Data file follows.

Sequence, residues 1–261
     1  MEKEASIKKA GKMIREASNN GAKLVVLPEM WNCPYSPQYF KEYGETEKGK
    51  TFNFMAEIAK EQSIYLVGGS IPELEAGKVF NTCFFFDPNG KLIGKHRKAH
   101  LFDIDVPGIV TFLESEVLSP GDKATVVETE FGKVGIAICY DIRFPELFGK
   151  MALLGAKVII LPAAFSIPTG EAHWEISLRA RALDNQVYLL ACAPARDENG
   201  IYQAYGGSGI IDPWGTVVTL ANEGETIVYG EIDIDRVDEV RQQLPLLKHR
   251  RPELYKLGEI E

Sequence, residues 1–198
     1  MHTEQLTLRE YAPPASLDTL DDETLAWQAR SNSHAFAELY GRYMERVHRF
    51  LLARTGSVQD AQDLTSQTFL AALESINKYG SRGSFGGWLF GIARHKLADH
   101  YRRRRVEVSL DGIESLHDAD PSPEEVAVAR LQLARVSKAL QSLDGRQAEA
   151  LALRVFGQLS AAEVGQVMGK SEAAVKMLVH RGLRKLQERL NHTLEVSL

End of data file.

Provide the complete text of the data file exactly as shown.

Sequence, residues 1–261
     1  MEKEASIKKA GKMIREASNN GAKLVVLPEM WNCPYSPQYF KEYGETEKGK
    51  TFNFMAEIAK EQSIYLVGGS IPELEAGKVF NTCFFFDPNG KLIGKHRKAH
   101  LFDIDVPGIV TFLESEVLSP GDKATVVETE FGKVGIAICY DIRFPELFGK
   151  MALLGAKVII LPAAFSIPTG EAHWEISLRA RALDNQVYLL ACAPARDENG
   201  IYQAYGGSGI IDPWGTVVTL ANEGETIVYG EIDIDRVDEV RQQLPLLKHR
   251  RPELYKLGEI E

Sequence, residues 1–198
     1  MHTEQLTLRE YAPPASLDTL DDETLAWQAR SNSHAFAELY GRYMERVHRF
    51  LLARTGSVQD AQDLTSQTFL AALESINKYG SRGSFGGWLF GIARHKLADH
   101  YRRRRVEVSL DGIESLHDAD PSPEEVAVAR LQLARVSKAL QSLDGRQAEA
   151  LALRVFGQLS AAEVGQVMGK SEAAVKMLVH RGLRKLQERL NHTLEVSL